When packaging is necessary, such as for meat, rice, pasta – everyday essentials – it would not be fair to tax this and pass the cost on to the consumer. This could affect those on low incomes as they have no choice but to pay it. In some cases, plastic packaging is the best option for protecting the product.

Other packaging materials, such as glass or aluminium, do not necessarily have greater environmental benefits: glass, for example, is heavier so transporting it has a higher carbon impact than plastic film.

The single-use plastics tax could be effective on products where there is a viable alternative for consumer use, such as reusable coffee cups. In this case the consumer can choose to bring a reusable cup and avoid paying the tax; or if they prefer the convenience of not bringing a cup, they can pay the tax, which is then used to pay for the recovery and recycling of the single-use packaging.

Extended Producer Responsibility

In conclusion, I think both approaches have their merits. They could help improve recycling rates, but not significantly in my view. A more effective solution would be Extended Producer Responsibility schemes that would encourage brands to design for end of life in exchange for reduced compliance fees, and so improve the ‘recyclability’ of their packaging.

While the recent announcement has been welcomed by environmental campaigners, the packaging industry may be worried about the price tag. The sector may be asked to pick up the bill for the deposit return scheme. Currently plastics producers pay just 10% of the cost of recycling packaging.

Councils will also be anxious to ensure that kerbside collecting is not undercut when details are confirmed. There are already pretty good collection and recycling rates for PET bottles.

But there is still more be done. Unless we focus effort on collecting and recycling pot, tubs and trays and films, we will not improve recycling rates significantly. The technical viabilities of recycling HDPE, PP and LDPE are all proven; what we need is investment in the infrastructure and ongoing subsidies to support and increase the recycling rates for these materials.

Perhaps, and more importantly, behavioural change from consumers and industry could be the key to unlocking economic and environmental benefits for all!

Axion urges Government Circular Economy policy to support UK manufacturers

Sustainability and circular economy principles should be at the heart of Government policy to encourage UK manufacturers to incorporate more recycled content in new goods, conserve raw material resources and promote locally-made goods.

That’s the view of Axion Director Keith Freegard, speaking at the first-ever Made in Britain (MiB) workshop focused on marketing in the Circular Economy (CE).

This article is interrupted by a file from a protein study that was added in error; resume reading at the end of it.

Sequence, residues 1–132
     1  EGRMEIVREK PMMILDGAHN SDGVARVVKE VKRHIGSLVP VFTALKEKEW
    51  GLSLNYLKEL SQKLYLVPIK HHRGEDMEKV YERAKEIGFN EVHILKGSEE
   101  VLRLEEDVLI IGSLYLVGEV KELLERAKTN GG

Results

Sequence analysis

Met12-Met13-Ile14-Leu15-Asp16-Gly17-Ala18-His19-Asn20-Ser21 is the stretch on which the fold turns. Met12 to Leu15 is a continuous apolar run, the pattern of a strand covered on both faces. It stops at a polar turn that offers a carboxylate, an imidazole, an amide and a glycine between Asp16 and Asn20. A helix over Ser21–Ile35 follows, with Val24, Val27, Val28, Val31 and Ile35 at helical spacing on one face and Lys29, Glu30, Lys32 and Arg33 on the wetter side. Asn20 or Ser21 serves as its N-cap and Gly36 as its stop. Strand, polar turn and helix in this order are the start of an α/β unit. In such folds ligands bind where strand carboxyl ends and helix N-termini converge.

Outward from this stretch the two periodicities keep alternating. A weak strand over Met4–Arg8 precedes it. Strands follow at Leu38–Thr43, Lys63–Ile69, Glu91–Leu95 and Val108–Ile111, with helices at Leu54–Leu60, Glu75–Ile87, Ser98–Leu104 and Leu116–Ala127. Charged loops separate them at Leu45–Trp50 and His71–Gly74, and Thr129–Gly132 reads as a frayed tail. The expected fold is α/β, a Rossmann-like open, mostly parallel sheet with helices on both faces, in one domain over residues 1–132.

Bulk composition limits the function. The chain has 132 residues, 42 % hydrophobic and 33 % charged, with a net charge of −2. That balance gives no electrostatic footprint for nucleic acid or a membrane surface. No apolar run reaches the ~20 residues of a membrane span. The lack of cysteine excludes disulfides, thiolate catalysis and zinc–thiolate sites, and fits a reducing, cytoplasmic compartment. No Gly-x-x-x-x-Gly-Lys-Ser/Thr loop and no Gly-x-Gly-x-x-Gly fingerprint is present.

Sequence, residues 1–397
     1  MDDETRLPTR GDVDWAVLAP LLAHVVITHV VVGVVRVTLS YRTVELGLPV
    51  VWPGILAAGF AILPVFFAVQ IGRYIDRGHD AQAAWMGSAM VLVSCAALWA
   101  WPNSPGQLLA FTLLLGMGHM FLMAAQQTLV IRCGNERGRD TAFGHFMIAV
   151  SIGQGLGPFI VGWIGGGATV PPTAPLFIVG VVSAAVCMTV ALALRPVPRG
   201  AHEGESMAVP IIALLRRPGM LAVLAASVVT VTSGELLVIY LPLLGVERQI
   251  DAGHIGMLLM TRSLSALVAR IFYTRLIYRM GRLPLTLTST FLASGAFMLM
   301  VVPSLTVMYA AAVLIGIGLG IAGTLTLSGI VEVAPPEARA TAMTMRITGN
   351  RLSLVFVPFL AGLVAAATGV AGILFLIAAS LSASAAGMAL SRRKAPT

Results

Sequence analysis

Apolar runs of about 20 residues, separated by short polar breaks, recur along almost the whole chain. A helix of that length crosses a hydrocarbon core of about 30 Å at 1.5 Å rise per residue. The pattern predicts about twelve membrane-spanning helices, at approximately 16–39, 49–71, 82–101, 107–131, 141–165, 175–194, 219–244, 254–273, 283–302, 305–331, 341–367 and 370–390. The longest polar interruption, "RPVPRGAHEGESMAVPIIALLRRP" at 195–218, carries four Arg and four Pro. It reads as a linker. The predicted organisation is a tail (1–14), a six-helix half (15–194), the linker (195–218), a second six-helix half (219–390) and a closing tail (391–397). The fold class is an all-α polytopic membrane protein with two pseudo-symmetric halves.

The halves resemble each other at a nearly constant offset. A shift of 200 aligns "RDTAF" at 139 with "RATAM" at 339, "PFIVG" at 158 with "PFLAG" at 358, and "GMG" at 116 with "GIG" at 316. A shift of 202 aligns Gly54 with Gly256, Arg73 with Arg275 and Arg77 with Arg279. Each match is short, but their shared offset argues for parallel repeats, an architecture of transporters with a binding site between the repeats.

Keith commented: “Demand creation for recycled products is important if we are to create a circular economy based on efficient recovery and reuse of our existing finite resources, such as plastics.

“The technology is there to recycle these materials and there are multiple benefits to using recycled polymers from secure, locally-sourced UK supply chains with stable pricing. It’s also a brilliant carbon-saving story!”

Held at Axion’s end-of-life vehicle recycling facility in Manchester, the March event attracted more than 30 manufacturer and entrepreneur members keen to learn more about trading sustainably and supporting a more sustainable future in Britain.

Speakers also included Jane Gardner, Axion’s Head of Consulting Services on supporting business growth and development towards a circular economy; Malcolm Marnold from the Department for International Trade and Steve Poppit from Craemer UK who highlighted how their wheelie bin recycling scheme demonstrated circular economy principles.

Attendees toured Axion’s facility, the Shredder Waste Advanced Process Plant (SWAPP) where resources are extracted from shredded scrap vehicles. Recovered materials include high-quality recycled polymers that can be used in new plastic goods, from automotive components to construction products.

For MiB member David Trotter, Managing Director of Muggi, the event has inspired him to seek recycled polymers for use in his plastic cupholder products. He said: “It’s really interesting listening to the experts and I enjoyed the networking. I found Keith’s talk fascinating and I will call him for a chat. I’m specifically interested in seeing what recycled products Axion supply that I could use in making our polypropylene MUGGIs.”

Made in Britain’s Chief Executive, John Pearce, said: “What a privilege! To have our members take the factory tour at Axion in the afternoon, after spending the whole morning learning how you turn old cars into high value polymers, which some of them will want to purchase, was as good a day as I have ever had at Made in Britain.

“For me personally, just to see how Axion is delivering on the Circular Economy already was a massive inspiration. I want to make sure all our members know what Axion are doing to be global leaders in this field: in my view, far more important than sending a car into space!”